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Sci-Tech
Monday Dec 28 2020
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WATCH: New ‘self-healing’ phone screens can fix cracks within 20 minutes

  • South Korean researchers have come up with a solution for cracked phone screens
  • The ‘self-healing’ technology combines linseed oil with the plastic of phone screens
  • As soon as a crack appears on the screen, the oil will be released to repair the screen
  • Researchers say the process will fix 95% of all cracks within 20 minutes

Irrespective of how expensive a cellphone is, it is still a delicate gadget and is prone to breakage and malfunction. It especially holds true for a cellphone screen which people often accidentally smash and have to pay hefty sums of money to get the screen replaced. 

But now, researchers in South Korea have come up with a new solution for cracked phone screens through a new 'self-healing' technology. 

According to an article by The Daily Mail, the new 'self-healing' technology combines linseed oil with the plastic of phone screens. As soon as a crack would appear on the screen, the oil will be released which will harden after a few minutes and repair the crack.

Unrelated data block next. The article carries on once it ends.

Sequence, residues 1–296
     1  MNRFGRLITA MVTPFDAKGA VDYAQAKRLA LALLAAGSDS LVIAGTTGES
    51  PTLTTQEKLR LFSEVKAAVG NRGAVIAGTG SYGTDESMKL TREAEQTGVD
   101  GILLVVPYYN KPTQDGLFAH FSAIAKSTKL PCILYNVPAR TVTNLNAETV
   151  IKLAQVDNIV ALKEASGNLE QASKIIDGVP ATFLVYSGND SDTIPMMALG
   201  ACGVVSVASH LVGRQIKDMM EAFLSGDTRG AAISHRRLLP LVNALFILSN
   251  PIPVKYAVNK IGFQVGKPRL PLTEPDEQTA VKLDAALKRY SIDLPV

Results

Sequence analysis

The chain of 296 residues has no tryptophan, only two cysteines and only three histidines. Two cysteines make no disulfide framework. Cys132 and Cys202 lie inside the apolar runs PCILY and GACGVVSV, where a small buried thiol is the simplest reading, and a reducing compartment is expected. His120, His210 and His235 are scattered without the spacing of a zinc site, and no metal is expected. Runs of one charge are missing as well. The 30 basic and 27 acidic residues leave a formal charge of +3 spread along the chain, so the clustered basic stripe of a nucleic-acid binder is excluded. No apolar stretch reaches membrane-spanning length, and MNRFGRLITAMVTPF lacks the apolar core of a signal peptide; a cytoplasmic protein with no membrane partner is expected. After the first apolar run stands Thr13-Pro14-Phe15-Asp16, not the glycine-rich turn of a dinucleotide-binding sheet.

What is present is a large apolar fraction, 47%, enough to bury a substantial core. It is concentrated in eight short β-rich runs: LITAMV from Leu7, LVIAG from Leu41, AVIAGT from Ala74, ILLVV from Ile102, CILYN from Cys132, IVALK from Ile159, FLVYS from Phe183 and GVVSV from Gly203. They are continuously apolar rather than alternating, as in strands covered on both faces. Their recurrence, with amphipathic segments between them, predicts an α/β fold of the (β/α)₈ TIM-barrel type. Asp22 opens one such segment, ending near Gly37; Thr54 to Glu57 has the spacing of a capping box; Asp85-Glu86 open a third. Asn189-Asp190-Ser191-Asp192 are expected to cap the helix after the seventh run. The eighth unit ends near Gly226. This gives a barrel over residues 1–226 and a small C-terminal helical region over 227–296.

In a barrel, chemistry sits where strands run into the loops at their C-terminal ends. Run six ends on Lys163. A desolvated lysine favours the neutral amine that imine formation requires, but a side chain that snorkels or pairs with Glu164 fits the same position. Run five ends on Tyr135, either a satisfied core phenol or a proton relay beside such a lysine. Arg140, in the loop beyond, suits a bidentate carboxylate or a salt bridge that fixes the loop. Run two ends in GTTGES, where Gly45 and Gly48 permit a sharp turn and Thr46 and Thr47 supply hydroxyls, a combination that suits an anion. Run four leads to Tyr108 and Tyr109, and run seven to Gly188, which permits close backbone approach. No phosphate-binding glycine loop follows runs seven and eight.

"This process rectifies the damage to the screen and can fix 95% of all cracks within 20 minutes," researchers claim.

They further added that exposure to ultraviolet light could speed up the process and can repair the screen within 10 minutes.

The study, which has been published in the journal Composite Part B: Engineering, was led by Dr Yong-Chae Jung, head of the centre at the Institute of Advanced Composites Materials at the Korea Institute of Science and Technology (KIST).

In the study, researchers showed how the material for the 'self-healing' screen was made and how effective it was.

"It is called a polymer bilayer film (PBF) which is a sandwich of two layers stuck together to form a single material," researchers said. 

"The top layer involves the linseed oil capsules whereas the bottom layer is the ubiquitous glass-like material used in phones, tablets and other gadgets called CPI."

CPI is a transparent plastic which is strong, flexible and conducts electricity. 

"The combination of these two layers has thus far only been tested in a laboratory but the researchers write that it could 'eventually be widely used in outdoor applications'."